Friday, December 25, 2009

A Sort Of Keller Christmas Eve

A couple weeks ago James and I went to Thomas Keller's new LA outpost -- Bouchon, where the big man met and fell in love with Frissée Au Lardon. While thumbing through ideas and recipes for our Christmas Eve for two I thought -- why not try the salad at home (James gave me the Bouchon cookbook last year). It's not exactly Revillion, but I settled on a bistro style tasting menu . . . Kathy Cooks Keller.
As a first course a bit of traditional Christmas. Beignets of salt cod brandade, quickly fried in Keller's batter of cake flour, cornstarch, baking powder and beer, served on TK's oven-baked tomato confit. This time of year doesn't bring the best tomatoes but after 5 hours slow cooking (250º) in olive oil and thyme pretty much shoe leather would be sweet and tender. To be honest I cheated a bit -- I had brandade I made (well actually this year my friend Martha made it for me) for our oyster roast (it freezes well). I serve it every year and count on a bit to use on Christmas. Scorecard -- half Keller.
I would think Oyster Stew would be the kind of thing Keller would revel in. It's mostly milk and cream and butter cooked together and called a soup, but his cookbooks barely acknowledge the joy of cooked oysters, so this one I have to credit to my grandmother. I tried to improve on her stew with a recipe form Antoine's in New Orleans (it is a French theme after all). Antoine's poaches the oysters separately and makes a soup base of butter, minced celery, onion, parsley, S&P, and cayenne cooked together for 25 minutes. Milk and cream are added to the soup base and then the oysters and their poaching liquid. Everything is simmered until just hot. Rich, creamy, and good -- yes. An improvement over the pure white Maryland style stew from childhood memories -- maybe not. But, the big man seemed pretty pleased.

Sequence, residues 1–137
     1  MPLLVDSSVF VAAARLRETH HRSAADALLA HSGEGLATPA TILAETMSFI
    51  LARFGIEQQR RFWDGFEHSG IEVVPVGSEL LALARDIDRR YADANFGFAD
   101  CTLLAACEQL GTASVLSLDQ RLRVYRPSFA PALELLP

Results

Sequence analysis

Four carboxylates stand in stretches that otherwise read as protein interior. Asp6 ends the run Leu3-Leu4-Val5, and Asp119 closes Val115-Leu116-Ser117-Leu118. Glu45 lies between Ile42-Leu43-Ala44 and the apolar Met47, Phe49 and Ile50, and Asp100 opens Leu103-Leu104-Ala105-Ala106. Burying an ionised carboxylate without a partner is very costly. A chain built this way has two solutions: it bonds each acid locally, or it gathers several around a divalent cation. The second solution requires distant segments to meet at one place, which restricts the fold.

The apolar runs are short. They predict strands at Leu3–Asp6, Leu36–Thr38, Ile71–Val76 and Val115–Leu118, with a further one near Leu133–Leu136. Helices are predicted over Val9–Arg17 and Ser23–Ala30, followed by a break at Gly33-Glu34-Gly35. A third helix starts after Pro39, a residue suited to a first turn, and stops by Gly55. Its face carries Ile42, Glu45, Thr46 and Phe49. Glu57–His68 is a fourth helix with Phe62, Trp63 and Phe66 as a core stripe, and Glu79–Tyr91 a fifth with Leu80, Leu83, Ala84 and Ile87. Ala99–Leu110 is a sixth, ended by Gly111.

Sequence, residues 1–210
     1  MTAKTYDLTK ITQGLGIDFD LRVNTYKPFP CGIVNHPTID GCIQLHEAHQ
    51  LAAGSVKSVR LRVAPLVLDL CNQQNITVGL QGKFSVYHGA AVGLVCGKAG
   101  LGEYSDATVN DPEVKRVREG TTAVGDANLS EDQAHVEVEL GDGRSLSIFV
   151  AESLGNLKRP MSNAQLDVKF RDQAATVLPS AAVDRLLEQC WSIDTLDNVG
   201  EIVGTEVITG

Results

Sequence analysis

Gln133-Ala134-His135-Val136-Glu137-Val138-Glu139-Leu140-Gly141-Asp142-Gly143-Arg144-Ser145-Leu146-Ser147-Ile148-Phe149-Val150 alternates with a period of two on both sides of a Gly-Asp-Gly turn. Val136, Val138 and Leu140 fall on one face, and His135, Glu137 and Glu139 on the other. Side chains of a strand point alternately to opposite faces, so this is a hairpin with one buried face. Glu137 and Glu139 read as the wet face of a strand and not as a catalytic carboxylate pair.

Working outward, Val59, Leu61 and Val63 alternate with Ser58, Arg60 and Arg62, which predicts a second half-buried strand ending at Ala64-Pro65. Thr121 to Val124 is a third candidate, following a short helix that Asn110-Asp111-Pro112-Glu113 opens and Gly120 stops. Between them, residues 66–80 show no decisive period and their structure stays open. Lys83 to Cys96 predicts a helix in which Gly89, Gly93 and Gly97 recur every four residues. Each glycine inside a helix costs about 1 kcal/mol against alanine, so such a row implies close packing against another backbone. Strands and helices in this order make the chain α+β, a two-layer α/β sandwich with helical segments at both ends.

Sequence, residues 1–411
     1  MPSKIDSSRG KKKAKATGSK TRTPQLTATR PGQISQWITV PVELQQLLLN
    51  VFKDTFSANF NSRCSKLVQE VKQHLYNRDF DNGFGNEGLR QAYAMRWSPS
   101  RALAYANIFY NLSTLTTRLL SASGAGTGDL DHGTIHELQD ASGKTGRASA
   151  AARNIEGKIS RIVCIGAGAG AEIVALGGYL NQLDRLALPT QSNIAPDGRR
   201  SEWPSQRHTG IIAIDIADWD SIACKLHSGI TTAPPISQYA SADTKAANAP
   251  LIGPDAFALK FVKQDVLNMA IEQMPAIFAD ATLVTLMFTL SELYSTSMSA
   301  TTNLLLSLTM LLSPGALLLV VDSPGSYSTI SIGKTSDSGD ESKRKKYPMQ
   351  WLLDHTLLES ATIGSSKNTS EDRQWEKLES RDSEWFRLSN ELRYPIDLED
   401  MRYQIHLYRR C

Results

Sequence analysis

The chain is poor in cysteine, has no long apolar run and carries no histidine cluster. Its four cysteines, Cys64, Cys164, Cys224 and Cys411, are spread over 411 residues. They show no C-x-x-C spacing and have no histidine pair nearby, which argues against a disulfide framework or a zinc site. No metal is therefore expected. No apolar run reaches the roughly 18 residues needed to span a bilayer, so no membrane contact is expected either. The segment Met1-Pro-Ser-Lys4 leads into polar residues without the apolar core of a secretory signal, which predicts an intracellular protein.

Here's the dish that started the idea. And brought me to my very first (and not so beautiful) poached egg. To make the simple dish stand out I ordered slab bacon from Neuske's -- our favorite brand (and because the Hobb's bacon Thomas Keller favors is near impossible to find) and waited in line for the perfect pain de mie (okay I didn't bake it myself) to serve on the side. To make the dressing I cooked the lardons (slab bacon cut in to sticks about 3/4 inch x 3/4 inch) over medium heat for about 10 minutes to render the fat and crisp the meat. I set the bacon aside for a bit and added 5 tablespoons of the rendered bacon fat to sherry vinegar (2TB), whole grain (1 TB) and Dijon mustards (2 tsp) to make the dressing. While I re-crisped the bacon and reheated the poached egg I tossed the frisée with finely chopped shallot, parsley, chervil, chives and basil (TK uses tarragon but -- well, we grow basil and there was no tarragon at Whole Foods). I added in the hot lardons and dressing, tossed again and served with the gently (but not so beautifully) poached egg on top. His Highness has declared this salad our new Christmas Eve tradition. So much for the Cioppino of years past.
There was another course but we just couldn't budge. So now the Christmas question is "How well does Thomas Keller's Coquille St Jacques freeze?"
We never got to dessert even. I made this thematic, but not Keller, poached pear tart thinking we'd have fruit tart for Christmas Eve and Gingerbread cake (this is one I do make every year -- always to rave reviews) for Christmas Day. Well, it may be a year without gingerbread, but from now on, Santa brings lardons.

No comments:

Post a Comment